“Central Desert Regional Council says it hasn’t been funded to meet the real costs of service delivery with cuts to its youth services and essential school nutrition programs.
“He is not listening to the Macdonnell Regional Council who will lose 51 Indigenous jobs from remote communities. Youth development services are decimated, with the Council only receiving 8 per cent of its current funding.
“Adam Giles is not listening to the Youth Service at Maningrida which has built up a suite of services keeping young people engaged and off the streets, but is now facing an uncertain future because of IAS cuts.
“20 per cent of Amity’s funding has been cut, resulting in Indigenous jobs losses and a reduction in programs working with young people and dealing with volatile substance abuse.
“If Adam Giles doesn’t believe these cuts will impact on the frontline that shows he’s really not listening.
“Adam Giles must ask his CLP colleague Nigel Scullion to release a full list of the organisations he’s de-funded, the list of organisations that have had severe cuts and explain his rationale about why he has savaged proven and successful programs.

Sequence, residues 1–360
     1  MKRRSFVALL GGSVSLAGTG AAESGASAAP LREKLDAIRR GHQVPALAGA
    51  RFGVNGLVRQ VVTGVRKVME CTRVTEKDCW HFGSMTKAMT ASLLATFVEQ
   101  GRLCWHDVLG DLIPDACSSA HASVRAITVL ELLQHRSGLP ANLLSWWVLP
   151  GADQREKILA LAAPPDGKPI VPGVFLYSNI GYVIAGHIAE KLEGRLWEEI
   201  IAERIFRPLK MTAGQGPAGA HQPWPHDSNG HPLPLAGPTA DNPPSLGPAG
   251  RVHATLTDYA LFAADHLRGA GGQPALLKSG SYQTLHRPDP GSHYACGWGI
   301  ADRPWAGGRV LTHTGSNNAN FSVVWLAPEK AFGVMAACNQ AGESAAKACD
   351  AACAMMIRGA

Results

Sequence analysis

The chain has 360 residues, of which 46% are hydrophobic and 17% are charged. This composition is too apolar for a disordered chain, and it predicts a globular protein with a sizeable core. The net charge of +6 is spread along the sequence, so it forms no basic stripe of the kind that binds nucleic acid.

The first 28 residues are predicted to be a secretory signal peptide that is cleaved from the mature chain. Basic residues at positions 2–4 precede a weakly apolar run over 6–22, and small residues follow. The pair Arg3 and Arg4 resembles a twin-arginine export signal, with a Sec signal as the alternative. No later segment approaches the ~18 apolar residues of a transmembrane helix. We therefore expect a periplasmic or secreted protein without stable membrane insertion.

“The Chief Minister should also be calling on Senator Scullion to free up the rumoured $200 million kept aside as “demand driven activity grants” to meet the shortfalls in funding.
“We’re also asking what the ‘demand driven’ funding is aimed at and seeking reassurances this is not going to be used to fund pork barrelling exercises going into elections.
Media contact: Louise Connor 0438 241 211
Tracker Tilmouth’ s State funeral at St Mary’s Cathedral and reception at Parliament House, Darwin was a worthy send-off for a dedicated and passionate activist, Labor Opposition Leader Delia Lawrie said today.
“He deserved no less than this. It was poignant, but also filled with laughter. Many speakers reminded us that, unfortunately, Tracker’s life-long work isn’t done with his passing," Ms Lawrie said.
“The large number of people who attended from all over the Territory and interstate, attested to his leadership and courage. From humble people who lived and worked alongside him in the many struggles he championed, to the politicians and business leaders he held to task; all held him in esteem."
“Tracker played a strong role together with other activists during 1970s in establishing the Central Australian Aboriginal Legal Aid Service and the Central Australian Aboriginal Congress. He also served on the boards of several Indigenous representative groups.
“As Chairman of the Central Land Council for six years he fought Federal and Territory Government attempts to erode land rights and weaken native title.
“He brought an entrepreneurial focus to discussions around land rights and native title rights and championed the opportunities available to traditional owners through business partnerships to secure employment and community development.
“Tracker strived to make our Territory a better, fairer place and never remained silent in the face of prejudice and adversity.”
Media contact: Louise Connor 0438 241 211